Monday, June 23, 2008

My Best Friend

The first day of the US Laser Masters National Championships was held on Buzzards Bay last Friday. We sailed four races in around 10-12 knots at the start of the day building to 15-20 knots by the end of the afternoon. The cream of American old geezer Laser sailors was there... and me. The sun shone, the race committee work was superb, and I had an excuse to clock up my 41st day of sailing this year.

In the first race I pulled off a squirrel start at the committee boat, a little late but good enough to be able to find a clear lane heading right. They always say head right on Buzzards Bay, don't they? A couple of the top guys were with me so I was confident in my decision in spite of the other fifty seven sailors heading left. Anyway we banged the right corner, and I rounded the first mark in the usual mayhem of sixty boats all trying to occupy the space available for ten. Nothing terrible happened in the rest of the race and I was crossing tacks with that guy all round the track. I finished in the mid 30s but a couple of places behind that guy. 0 and 1.

In the second race a lot of terrible things happened...

In retrospect it probably wasn't a great decision to line up on the start line between two of the best sailors in the fleet because, as I should have predicted, after the start I was squeezed out the back like the proverbial lemon pip. Isn't there a proverb about lemon pips? No? Oh well, you know what I mean. Needless to say I was already way down the fleet.

Then, in spite of my recent improvements in mainsheet management, I discovered after rounding the first windward mark in a respectable (for me) position that my sheet had tied itself into a triple buntline carrick bend double surgeon's clinch knot and I was unable to bear away. I actually had to luff up to undo the mess and after untying aforementioned knot I was still faced with a double fisherman's alpine butterfly rolling hitch in the bloody rope. Needless to say I lost a few places.

Then, coming in to the leeward mark, I was really smart and actually did what the book says, and attempted to slow down so that I could round right on the transom of the inside boat of a pack of boats approaching the mark. Unfortunately the skippers of the boats inside me had read the same book and were also slowing down. Among much pushing of booms, oversheeting, and unintentional double gybes, a whole mass of boats rounded in a slow pinwheel instead of the usual fast pinwheel, with me on the outside of course. Hmmm. The book didn't cover this situation. Needless to say I lost a few more places, and finished in the 40s.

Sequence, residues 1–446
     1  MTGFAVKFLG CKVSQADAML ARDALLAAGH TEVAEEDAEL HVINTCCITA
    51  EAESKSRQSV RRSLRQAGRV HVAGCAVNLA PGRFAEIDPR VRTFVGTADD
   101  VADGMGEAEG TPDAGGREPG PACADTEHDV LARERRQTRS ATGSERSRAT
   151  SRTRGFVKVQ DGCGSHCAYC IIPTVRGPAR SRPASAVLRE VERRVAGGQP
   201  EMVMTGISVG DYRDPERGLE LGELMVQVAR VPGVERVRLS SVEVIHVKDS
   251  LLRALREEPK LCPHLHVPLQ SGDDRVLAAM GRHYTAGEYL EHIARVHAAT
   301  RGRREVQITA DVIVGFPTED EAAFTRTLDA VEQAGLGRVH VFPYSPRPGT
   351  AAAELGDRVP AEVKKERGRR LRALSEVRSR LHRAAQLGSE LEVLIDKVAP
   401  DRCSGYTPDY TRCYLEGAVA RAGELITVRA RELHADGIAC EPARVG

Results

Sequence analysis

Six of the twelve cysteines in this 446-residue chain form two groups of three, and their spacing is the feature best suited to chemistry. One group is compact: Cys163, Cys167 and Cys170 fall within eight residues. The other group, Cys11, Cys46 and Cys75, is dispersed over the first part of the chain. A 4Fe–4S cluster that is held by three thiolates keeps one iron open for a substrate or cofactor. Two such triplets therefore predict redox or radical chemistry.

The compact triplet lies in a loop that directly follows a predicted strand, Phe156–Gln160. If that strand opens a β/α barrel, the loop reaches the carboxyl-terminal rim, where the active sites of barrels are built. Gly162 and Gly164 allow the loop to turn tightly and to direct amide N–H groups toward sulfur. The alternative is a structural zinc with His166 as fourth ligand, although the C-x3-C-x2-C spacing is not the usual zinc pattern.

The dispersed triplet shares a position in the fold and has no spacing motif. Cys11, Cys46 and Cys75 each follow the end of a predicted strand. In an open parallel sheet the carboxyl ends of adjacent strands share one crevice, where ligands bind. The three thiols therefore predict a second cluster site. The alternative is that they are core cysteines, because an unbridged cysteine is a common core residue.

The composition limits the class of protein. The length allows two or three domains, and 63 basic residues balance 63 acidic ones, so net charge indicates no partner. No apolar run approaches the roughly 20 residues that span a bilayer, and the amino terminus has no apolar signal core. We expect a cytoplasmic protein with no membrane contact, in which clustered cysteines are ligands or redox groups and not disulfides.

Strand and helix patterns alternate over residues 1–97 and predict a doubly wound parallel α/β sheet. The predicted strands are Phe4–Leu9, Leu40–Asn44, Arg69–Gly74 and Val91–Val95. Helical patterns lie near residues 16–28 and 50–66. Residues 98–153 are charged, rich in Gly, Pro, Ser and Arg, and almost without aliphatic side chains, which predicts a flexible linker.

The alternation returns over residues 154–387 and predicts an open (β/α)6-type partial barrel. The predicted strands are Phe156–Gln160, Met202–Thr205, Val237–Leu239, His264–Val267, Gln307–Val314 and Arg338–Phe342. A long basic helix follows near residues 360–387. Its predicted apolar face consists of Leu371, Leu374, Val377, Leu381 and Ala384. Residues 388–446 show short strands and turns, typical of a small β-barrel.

That guy
beat me again. 0 and 2.

In the third race I remembered the discussion about being aggressive in What Would Ben Do? and made an aggressive start in the front row at the favored end of the line. I was looking good but unfortunately I was not aggressive enough at the windward mark and had to duck a lot of starboard tackers on the layline. I saw the guy who I can only describe as the Ben Ainslie of Laser Great Grandmasters overtake me by waiting longer before entering the starboard tack parade, tacking under some starboard tackers near the mark, and (even after doing his 360) gaining some good distance on me. Hmmm. There's a learning experience for you.

The other learning experience was when due to inattention on the run I dug the bow into a back of a wave and watched it go down, down, down into the deeps. I really thought I might break the mast or the mast-step as the bow plowed towards the ocean depths and the pressure in the rig kept building. Eventually the bow surfaced again but not before the cockpit was full of water. Slow, slow, slow, but I did finish in the low 30s.

And I did beat that guy. 1 and 2.

By now I was pretty tired and was seriously wondering whether to call it a day. However I thought I would at least do the start of the fourth race for practice and then decide whether to continue. I had my best start of the day and so chose to keep going. However, I was definitely pleased when the RC shortened the course after a 3-leg WLW course instead of the 5-leg races we had been doing all day. Even the young kids under 45 said they were happy about that call too. Turned out that it was my best race of the day, with a finish in the mid-20s.

And I did beat that guy again. 2 and 2.

Then home for lamb chops and salad with Tillerwoman, Cutest Granddaughter in the World, Tiller-Son#1, and Tiller-Daughter-in-Law who had all come to see us for the weekend. I checked the results for the races on the web and saw that I was leading that guy by a few points. Woo hoo.

Apparently Cutest Granddaughter in the World had been asking where I was. When told that I was sailing she had said, "Grandad is my best friend."

Life is good.

1 comment:

Anonymous said...

I wonder about the "what what ben do" scenario with the GGM at the windward mark. Actually it is more of a general question and observation. Often you see people push the limits at the windward mark approach on port. Sometimes people cleanly make it. Other times, they get hung up on the mark and do a 360 which nets them better off than ducking the starboard tack parade. However, 9 times out of 10 in the later scenario, the person who made the late port tack approach also fouls people AFTER getting hooked on the mark because they make those people go above head to wind. The strange thing is that most of these port tackers only do a 360. Shouldn't there be a 360 and a 720?

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